Does Passing a PCI Audit Guarantee Effective Operational Security?

By Eric Noonan • February 10, 2016

You may have heard about the recent breach involving payment card data from cards used onsite at certain Hyatt-managed locations.  According to Dark Reading, the “at-risk window” may have existed as early as July 30, 2015, with identified fraud being documented from August 13, 2015, to December 8, 2015. The malware responsible captured cardholder data while being transferred from the onsite processing location to the compromised system.

Post-breach, Chuck Floyd, global president of operations for Hyatt, said: “…we want to assure customers that we took steps to strengthen the security of our systems in order to help prevent this from happening in the future.” While we can’t know for sure that statement implies that operational security controls were enhanced as a result of the breach, the question is, beyond the routine PCI-DSS assessments, were operational controls proactively reviewed and strengthened?

Many organizations focus security efforts around passing an audit, which can detract from achieving an actual effective security program.  One of the key takeaways resultant of the Hyatt breach is the importance of aligning security compliance with operational security.

Why Passing a PCI-DSS Audit May Not Be Enough

Compliance with standards and regulations like the PCI-DSS should serve as a baseline for security, but passing an audit does not guarantee effective operational security practices. PCI compliance assessments, in particular, are limited in scope, generally focusing only on computing environments, systems, system components, and processes that are involved in the store-process-transmit territory of cardholder data.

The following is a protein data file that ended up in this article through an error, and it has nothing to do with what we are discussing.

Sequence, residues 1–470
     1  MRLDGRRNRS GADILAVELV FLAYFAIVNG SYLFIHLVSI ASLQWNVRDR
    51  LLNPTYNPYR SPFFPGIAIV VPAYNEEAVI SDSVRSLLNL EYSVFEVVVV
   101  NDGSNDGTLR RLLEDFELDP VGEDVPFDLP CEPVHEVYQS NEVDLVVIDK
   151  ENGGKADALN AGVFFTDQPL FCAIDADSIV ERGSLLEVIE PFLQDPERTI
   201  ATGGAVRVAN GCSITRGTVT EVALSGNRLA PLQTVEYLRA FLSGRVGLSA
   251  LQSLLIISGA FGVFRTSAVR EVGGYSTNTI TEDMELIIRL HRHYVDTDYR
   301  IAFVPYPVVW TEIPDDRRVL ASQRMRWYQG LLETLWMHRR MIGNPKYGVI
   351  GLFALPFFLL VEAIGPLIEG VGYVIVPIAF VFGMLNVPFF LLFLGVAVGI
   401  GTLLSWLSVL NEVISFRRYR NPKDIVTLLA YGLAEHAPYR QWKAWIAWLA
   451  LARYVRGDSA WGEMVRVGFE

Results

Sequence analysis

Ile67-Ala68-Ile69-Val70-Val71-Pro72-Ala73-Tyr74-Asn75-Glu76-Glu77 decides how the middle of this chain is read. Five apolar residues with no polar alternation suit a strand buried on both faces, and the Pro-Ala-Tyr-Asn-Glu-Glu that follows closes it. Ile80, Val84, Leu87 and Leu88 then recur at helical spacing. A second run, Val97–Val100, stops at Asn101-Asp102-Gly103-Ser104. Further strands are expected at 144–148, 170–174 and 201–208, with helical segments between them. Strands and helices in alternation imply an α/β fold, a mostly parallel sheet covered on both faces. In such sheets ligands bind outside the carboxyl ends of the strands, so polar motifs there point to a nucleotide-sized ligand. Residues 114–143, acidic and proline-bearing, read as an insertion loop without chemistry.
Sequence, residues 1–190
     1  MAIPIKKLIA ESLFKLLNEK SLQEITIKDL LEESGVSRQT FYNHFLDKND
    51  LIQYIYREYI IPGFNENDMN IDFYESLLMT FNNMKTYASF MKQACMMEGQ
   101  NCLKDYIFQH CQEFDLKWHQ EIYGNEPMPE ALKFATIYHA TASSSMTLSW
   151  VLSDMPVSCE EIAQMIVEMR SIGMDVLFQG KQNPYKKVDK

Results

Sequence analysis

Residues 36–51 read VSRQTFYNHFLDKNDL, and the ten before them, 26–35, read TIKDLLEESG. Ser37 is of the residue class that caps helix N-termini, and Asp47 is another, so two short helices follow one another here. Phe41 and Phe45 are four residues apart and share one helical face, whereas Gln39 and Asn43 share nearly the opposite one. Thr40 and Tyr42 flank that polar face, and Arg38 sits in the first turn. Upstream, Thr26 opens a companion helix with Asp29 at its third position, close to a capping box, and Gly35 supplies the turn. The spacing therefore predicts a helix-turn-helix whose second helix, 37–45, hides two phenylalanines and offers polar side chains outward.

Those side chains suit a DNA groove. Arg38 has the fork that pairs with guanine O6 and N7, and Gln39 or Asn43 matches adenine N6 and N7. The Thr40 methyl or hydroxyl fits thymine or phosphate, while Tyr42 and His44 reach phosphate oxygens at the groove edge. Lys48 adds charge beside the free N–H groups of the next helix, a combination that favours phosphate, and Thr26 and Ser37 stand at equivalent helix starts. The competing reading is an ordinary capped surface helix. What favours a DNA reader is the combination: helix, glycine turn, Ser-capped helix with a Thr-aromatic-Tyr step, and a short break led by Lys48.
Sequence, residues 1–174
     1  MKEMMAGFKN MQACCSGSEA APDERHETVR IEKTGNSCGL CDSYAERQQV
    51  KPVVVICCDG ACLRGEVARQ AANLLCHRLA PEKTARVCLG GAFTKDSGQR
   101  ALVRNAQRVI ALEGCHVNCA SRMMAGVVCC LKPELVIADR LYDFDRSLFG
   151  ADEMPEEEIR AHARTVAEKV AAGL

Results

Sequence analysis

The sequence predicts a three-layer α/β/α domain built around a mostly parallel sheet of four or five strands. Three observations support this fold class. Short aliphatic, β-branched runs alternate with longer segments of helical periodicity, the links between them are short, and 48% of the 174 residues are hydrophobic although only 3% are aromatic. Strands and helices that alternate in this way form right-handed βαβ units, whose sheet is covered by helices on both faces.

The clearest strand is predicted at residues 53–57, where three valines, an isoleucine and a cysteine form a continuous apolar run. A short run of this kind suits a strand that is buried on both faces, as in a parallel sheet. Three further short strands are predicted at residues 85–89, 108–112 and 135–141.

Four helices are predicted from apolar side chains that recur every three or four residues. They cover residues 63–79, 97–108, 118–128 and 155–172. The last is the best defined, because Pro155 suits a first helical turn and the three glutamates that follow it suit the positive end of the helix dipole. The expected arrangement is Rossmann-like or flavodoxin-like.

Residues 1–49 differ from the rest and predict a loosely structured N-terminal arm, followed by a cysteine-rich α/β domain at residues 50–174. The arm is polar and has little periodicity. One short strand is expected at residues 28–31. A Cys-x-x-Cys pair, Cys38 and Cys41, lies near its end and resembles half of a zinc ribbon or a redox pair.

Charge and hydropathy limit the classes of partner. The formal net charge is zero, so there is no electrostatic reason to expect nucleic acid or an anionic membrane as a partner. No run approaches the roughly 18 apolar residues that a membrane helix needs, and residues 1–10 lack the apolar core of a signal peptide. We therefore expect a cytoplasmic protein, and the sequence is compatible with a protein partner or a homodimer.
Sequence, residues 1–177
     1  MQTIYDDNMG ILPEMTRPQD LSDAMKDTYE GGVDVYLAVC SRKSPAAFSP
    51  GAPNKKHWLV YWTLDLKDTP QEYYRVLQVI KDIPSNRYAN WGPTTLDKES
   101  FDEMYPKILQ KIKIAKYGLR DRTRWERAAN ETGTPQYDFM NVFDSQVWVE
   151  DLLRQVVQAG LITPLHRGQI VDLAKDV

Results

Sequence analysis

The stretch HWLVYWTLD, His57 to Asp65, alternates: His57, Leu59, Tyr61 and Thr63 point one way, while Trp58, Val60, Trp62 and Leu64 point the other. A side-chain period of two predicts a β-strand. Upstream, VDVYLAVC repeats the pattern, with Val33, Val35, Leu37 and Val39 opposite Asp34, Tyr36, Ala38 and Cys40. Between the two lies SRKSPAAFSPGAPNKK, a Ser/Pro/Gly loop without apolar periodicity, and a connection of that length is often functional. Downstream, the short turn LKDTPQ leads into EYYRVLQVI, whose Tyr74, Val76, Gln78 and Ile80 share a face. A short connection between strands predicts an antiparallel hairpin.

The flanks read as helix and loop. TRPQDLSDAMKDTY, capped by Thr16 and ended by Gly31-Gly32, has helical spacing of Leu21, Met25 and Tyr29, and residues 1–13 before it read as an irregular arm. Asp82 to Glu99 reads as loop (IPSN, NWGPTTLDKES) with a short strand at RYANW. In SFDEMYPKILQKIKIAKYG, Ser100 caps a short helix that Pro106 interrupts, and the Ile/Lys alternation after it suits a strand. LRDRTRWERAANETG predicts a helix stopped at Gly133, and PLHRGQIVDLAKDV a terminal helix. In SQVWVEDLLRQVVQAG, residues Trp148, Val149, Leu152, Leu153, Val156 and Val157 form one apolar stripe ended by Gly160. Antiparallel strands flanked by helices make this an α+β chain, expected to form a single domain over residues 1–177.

Focusing on the cardholder data alone can leave a business at risk when it comes to applying security in other areas – and a PCI assessor is only obligated to assess the security controls applied to the environment where cardholder data processing occurs.

Great effort is made by organizations to ensure cardholder data is processed in an isolated, segmented environment, ensuring that PCI requirements are only applicable in that narrow scope.  However, if the approach to security is pass-the-audit, any inaccuracy in PCI environment scoping can put cardholder data at risk, along with any other non-cardholder sensitive data that resides outside the audit area of focus.

How to Effectively Secure Your Sensitive Data

Although it’s unknown what caused this particular breach, aligning your compliance efforts with day-to-day operational security efforts to produce an integrated view of risk is the right way to secure sensitive data.  If you are unsure where to begin, check out CyberSheath’s blog post on the 3 Steps to Secure Your POS, which highlights three steps to get you started in the right direction. CyberSheath also offers security assessment services, providing a complete analysis of the strengths and weaknesses present in your current environment.

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